Longer Bike Rides and some good hills

Looking at my Strava records, the blobs I’m happy about, include the two longer rides (big mauve blobs), both of which included a climb up the infamous Ditchling Beacon, which has the following stats: length 0.9 miles / 1.45 km; height gain 143m; average gradient: 9%; max gradient: 16%. It hurts!

The Joy of Off-Road running

I was also very happy about my two long run blobs. First it was so good to get back on the Downs on Saturday as I practised leg 4 (out and back) in preparation for the South Downs Relay in June. Since moving to Brighton I’ve got out of the habit of regularly running off-road – a big mistake, as I really love it. In Eastbourne ,the Downs were less than a mile from my house and I had many tried and tested routes. Where I live now requires a little extra running to and from, but with the South Downs Ways sign-posting there’s really no excuse not to go off-road.

Support team: Triathlon Coach and Physio

I’ve also got started with triathlon coach, Dave Powell, who reminded me to invest in some Whey protein, for post-workout recovery fuel. I’ve also started taking supplements again. Every extra boost helps in preparation for the Ironman. I take CurraNZ, Alive Ultra 50-plus, Spatone liquid iron, which I’m adding to my smoothies and Pro D3 Vitamin D tablets for bone and muscle health.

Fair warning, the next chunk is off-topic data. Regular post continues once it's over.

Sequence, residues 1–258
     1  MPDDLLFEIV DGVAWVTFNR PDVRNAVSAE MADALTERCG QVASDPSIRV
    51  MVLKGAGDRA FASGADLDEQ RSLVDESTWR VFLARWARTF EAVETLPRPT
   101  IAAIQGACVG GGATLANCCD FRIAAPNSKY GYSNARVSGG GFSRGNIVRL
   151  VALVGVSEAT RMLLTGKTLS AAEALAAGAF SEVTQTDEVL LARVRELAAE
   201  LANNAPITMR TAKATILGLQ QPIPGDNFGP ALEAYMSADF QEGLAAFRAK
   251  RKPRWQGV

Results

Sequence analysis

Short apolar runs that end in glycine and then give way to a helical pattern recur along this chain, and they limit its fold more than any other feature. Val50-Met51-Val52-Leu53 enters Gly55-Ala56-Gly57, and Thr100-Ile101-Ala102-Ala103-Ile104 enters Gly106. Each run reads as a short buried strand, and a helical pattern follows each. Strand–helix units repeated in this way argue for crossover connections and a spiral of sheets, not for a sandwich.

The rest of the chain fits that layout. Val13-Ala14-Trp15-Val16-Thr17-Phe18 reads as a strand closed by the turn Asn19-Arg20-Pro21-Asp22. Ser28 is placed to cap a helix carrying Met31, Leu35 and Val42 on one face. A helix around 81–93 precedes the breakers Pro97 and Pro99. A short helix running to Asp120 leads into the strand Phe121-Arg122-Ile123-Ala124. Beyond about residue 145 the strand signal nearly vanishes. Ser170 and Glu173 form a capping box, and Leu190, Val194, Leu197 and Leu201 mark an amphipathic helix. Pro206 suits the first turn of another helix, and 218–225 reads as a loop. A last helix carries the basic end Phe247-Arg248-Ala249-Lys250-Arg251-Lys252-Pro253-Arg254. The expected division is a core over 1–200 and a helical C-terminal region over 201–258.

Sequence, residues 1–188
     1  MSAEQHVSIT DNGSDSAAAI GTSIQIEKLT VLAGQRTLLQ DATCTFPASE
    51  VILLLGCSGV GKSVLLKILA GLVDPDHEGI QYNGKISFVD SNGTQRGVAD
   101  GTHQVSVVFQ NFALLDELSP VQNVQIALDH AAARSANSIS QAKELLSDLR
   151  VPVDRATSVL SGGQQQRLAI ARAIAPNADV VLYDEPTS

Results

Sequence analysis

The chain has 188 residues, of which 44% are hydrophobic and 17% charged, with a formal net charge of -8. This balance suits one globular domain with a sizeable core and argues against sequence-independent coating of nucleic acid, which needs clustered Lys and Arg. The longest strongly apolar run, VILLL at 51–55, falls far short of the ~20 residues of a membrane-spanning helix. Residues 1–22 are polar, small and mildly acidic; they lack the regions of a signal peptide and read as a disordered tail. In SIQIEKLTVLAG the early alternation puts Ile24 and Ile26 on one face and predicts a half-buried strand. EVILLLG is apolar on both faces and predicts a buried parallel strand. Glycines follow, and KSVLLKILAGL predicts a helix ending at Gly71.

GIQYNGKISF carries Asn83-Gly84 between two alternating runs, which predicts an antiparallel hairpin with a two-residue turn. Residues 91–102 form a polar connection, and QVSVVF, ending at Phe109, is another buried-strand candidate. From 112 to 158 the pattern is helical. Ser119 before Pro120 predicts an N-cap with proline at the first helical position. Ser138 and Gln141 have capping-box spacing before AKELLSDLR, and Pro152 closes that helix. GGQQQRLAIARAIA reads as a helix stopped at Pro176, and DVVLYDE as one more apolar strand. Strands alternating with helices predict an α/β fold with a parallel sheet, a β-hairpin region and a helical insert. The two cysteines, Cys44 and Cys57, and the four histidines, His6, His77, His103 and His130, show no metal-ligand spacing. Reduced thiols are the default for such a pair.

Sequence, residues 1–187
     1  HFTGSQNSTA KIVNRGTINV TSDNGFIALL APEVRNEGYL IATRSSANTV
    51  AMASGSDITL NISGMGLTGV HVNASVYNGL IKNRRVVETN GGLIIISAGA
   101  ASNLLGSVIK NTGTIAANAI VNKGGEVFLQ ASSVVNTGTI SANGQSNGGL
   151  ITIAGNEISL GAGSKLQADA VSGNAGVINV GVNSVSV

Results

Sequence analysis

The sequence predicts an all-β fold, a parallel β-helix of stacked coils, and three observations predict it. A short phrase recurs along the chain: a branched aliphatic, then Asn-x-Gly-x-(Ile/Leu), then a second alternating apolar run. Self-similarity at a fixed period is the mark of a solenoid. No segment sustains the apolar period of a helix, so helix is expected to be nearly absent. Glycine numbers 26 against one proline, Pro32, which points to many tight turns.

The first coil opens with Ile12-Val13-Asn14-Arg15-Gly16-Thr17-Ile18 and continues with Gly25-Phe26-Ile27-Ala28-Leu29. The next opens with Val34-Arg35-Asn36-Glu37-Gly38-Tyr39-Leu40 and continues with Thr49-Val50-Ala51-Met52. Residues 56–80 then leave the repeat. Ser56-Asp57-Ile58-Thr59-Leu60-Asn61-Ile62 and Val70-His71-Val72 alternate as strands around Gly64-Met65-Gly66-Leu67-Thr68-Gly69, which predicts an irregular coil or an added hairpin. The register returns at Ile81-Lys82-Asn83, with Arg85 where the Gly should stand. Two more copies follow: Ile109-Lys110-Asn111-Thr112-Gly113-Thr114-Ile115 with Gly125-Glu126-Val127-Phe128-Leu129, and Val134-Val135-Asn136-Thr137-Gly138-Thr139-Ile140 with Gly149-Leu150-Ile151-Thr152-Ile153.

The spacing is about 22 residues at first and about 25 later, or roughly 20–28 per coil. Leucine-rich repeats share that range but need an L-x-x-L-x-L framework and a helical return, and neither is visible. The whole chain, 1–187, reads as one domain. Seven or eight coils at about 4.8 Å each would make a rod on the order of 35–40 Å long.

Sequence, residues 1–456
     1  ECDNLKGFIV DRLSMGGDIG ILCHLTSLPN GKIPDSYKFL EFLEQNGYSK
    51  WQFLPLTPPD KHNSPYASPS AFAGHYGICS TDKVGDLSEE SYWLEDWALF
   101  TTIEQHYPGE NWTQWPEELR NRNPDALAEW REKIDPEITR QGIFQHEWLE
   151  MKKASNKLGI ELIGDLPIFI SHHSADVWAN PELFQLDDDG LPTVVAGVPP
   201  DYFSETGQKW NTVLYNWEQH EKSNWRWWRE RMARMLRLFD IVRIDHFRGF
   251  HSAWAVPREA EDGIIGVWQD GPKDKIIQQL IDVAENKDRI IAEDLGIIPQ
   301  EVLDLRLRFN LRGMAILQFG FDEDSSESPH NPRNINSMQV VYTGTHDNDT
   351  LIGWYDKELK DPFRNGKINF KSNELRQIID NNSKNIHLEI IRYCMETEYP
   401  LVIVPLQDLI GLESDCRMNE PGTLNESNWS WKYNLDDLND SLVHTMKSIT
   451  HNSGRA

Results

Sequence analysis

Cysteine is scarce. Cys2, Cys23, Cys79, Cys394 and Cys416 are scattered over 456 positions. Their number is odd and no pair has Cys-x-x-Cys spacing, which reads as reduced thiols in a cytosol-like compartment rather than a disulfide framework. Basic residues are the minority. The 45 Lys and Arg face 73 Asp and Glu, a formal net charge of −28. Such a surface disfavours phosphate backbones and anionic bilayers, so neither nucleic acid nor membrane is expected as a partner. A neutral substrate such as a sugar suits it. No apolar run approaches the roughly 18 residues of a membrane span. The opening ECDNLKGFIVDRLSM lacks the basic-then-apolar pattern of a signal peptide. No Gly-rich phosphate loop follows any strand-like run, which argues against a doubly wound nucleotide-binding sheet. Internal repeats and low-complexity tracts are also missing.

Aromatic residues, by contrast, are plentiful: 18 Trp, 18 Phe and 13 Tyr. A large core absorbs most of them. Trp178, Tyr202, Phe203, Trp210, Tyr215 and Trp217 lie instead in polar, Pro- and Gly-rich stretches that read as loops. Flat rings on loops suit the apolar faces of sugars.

Dave has started me off with a rough guide of four runs, two long bikes and a My Ride, and two swims (more to come once shoulder rehab is further along).

I also saw the Catherine, a new physiotherapist, who’s given me some exercises for my shoulder, which is still a little weaker post collar-bone break – but I’m confident will now get stronger.

The Sort of Brighton Marathon

And finally, today I joined in with the Brighton Marathon running 18.67 miles at 7.55 (sub 3.30 pace). I decided to run it last week as I realised that I couldn’t defer my place a second time and I think I probably spent around £150 over the two years on my number! I wanted to do a long run and I wanted to be involved in the marathon, which is literally on my doorstep. But I didn’t want to run a marathon without having done a long run of more than 17 miles.